How placing idols under dome, demolition deprived Muslims?
The events preceding 22/23 December 1949 indicate the build-up of a large presence of Bairagis in the outer courtyard and the expression of his apprehension by the Superintendent of Police that the Hindus would seek forcible entry into the precincts of the mosque to install idols. In spite of written intimations to him, the Deputy Commissioner and District Magistrate (K K Nayyar) paid no heed and rejected the apprehension of the Superintendent of Police to the safety of the mosque as baseless. The apprehension was borne out by the incident which took place on the night between 22/23 December 1949, when a group of fifty to sixty persons installed idols on the pulpit of the mosque below the central dome. This led to the desecration of the mosque and the ouster of the Muslims otherwise than by the due process of law. The inner courtyard was thereafter attached in proceedings under Section 145 CrPC 1898 on 29 December 1949 and the receiver took possession…
On 6 December 1992, the structure of the mosque was brought down and the mosque was destroyed. The destruction of the mosque took place in breach of the order of status quo and an assurance given to this Court. The destruction of the mosque and the obliteration of the Islamic structure was an egregious violation of the rule of law.
Why HC ‘completely erred’ in grant of its relief?
The High Court has adopted a path which was not open to it in terms of the principles formulated above. It granted reliefs which were not the subject matter of the prayers in the suits. In the process of doing so, it proceeded to assume the jurisdiction of a civil court in a suit for partition, which the suits before it were not…
In assessing the correctness of the decree of the High Court, it must be noted at the outset that the High Court was not seized of a suit for partition. In a suit for partition, it is trite law that every party is both a plaintiff and defendant…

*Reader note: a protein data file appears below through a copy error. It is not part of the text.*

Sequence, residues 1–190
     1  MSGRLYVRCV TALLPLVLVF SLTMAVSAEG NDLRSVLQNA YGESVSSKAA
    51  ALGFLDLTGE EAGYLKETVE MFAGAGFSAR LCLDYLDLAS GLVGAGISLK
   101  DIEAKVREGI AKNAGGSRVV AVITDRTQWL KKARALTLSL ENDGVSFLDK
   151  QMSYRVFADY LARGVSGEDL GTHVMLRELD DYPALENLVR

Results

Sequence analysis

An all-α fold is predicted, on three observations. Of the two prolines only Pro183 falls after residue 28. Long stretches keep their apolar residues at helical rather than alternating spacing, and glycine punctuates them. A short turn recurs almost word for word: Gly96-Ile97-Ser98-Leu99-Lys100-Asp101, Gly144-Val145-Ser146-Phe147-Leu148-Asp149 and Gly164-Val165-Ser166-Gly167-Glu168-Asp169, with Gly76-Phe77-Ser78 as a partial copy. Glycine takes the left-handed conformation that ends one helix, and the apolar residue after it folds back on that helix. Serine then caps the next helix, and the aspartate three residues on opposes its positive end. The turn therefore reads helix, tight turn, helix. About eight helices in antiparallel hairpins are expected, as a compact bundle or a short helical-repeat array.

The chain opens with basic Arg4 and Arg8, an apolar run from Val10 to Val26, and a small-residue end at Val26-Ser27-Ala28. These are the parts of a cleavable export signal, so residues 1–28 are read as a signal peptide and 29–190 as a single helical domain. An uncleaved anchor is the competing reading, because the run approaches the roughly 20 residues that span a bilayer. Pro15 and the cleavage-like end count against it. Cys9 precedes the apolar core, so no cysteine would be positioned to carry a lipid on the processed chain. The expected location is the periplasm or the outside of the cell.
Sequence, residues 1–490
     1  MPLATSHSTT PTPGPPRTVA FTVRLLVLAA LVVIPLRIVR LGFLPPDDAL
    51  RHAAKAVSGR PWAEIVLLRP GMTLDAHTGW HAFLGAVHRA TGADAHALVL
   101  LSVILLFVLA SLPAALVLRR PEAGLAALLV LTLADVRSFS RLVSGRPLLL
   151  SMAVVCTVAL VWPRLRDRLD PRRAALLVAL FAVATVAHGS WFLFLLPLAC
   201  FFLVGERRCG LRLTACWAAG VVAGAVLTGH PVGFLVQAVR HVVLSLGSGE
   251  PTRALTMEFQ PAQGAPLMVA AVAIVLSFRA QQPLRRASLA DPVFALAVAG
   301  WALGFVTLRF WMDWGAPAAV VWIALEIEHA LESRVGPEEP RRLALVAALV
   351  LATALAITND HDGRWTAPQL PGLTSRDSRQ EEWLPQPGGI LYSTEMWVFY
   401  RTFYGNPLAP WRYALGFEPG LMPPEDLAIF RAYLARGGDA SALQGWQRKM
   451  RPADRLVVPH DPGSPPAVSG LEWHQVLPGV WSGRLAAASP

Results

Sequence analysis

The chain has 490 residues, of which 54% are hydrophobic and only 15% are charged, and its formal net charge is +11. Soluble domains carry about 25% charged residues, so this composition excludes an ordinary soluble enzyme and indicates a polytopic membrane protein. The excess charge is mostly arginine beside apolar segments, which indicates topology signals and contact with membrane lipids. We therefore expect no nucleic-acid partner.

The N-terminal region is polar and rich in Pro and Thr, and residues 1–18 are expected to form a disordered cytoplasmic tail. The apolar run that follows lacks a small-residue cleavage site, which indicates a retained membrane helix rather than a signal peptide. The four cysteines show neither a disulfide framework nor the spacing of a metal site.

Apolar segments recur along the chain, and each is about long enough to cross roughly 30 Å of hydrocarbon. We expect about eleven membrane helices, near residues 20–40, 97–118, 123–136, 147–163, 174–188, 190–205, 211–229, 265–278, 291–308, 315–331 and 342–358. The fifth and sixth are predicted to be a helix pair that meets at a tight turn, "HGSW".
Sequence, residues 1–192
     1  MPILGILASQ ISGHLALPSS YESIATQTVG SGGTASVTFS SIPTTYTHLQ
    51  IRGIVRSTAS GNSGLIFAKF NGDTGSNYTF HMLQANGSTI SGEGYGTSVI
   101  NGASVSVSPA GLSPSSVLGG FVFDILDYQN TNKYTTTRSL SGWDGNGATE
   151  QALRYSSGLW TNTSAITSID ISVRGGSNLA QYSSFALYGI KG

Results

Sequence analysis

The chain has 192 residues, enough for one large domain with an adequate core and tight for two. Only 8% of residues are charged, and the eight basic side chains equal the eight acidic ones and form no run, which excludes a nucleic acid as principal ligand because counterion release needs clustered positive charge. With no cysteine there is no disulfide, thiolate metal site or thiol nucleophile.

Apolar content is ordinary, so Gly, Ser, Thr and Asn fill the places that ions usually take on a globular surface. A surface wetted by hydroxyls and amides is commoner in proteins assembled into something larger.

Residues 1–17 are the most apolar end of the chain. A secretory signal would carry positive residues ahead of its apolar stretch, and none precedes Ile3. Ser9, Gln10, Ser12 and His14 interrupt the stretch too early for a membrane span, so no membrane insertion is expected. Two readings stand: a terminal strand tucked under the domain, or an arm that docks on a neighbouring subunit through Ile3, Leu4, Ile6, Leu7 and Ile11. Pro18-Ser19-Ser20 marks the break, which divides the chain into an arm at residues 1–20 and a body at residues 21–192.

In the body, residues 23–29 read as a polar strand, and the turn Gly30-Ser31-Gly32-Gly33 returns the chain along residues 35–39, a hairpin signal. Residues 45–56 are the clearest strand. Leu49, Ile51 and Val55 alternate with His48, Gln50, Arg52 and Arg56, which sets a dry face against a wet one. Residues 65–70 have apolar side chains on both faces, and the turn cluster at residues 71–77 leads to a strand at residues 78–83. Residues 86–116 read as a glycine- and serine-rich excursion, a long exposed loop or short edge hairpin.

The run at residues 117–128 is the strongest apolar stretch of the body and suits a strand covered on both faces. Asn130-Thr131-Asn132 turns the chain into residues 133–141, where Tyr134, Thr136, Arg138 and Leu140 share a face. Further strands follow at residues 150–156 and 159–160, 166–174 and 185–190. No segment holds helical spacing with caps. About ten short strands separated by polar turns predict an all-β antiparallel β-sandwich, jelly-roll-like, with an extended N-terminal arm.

The High Court was called upon to decide the question of title particularly in the declaratory suits. The High Court has completely erred in granting relief which lay outside the ambit of the pleadings and the cases set up by the plaintiffs…
We have already concluded that the three-way bifurcation by the High Court was legally unsustainable. Even as a matter of maintaining public peace and tranquillity, the solution which commended itself to the High Court is not feasible. The disputed site measures all of 1500 square yards. Dividing the land will not subserve the interest of either of the parties or secure a lasting sense of peace and tranquillity…
Why it was necessary to give Muslims alternative land?
The allotment of land to the Muslims is necessary because though on a balance of probabilities, the evidence in respect of the possessory claim of the Hindus to the composite whole of the disputed property stands on a better footing than the evidence adduced by the Muslims, the Muslims were dispossessed upon the desecration of the mosque on 22/23 December 1949 which was ultimately destroyed on 6 December 1992…
There was no abandonment of the mosque by the Muslims. This Court in the exercise of its powers under Article 142 of the Constitution must ensure that a wrong committed must be remedied. Justice would not prevail if the Court were to overlook the entitlement of the Muslims who have been deprived of the structure of the mosque through means which should not have been employed in a secular nation committed to the rule of law. The Constitution postulates the equality of all faiths. Tolerance and mutual co-existence nourish the secular commitment of our nation and its people.
📣 The Indian Express is now on Telegram. Click here to join our channel (@indianexpress) and stay updated with the latest headlines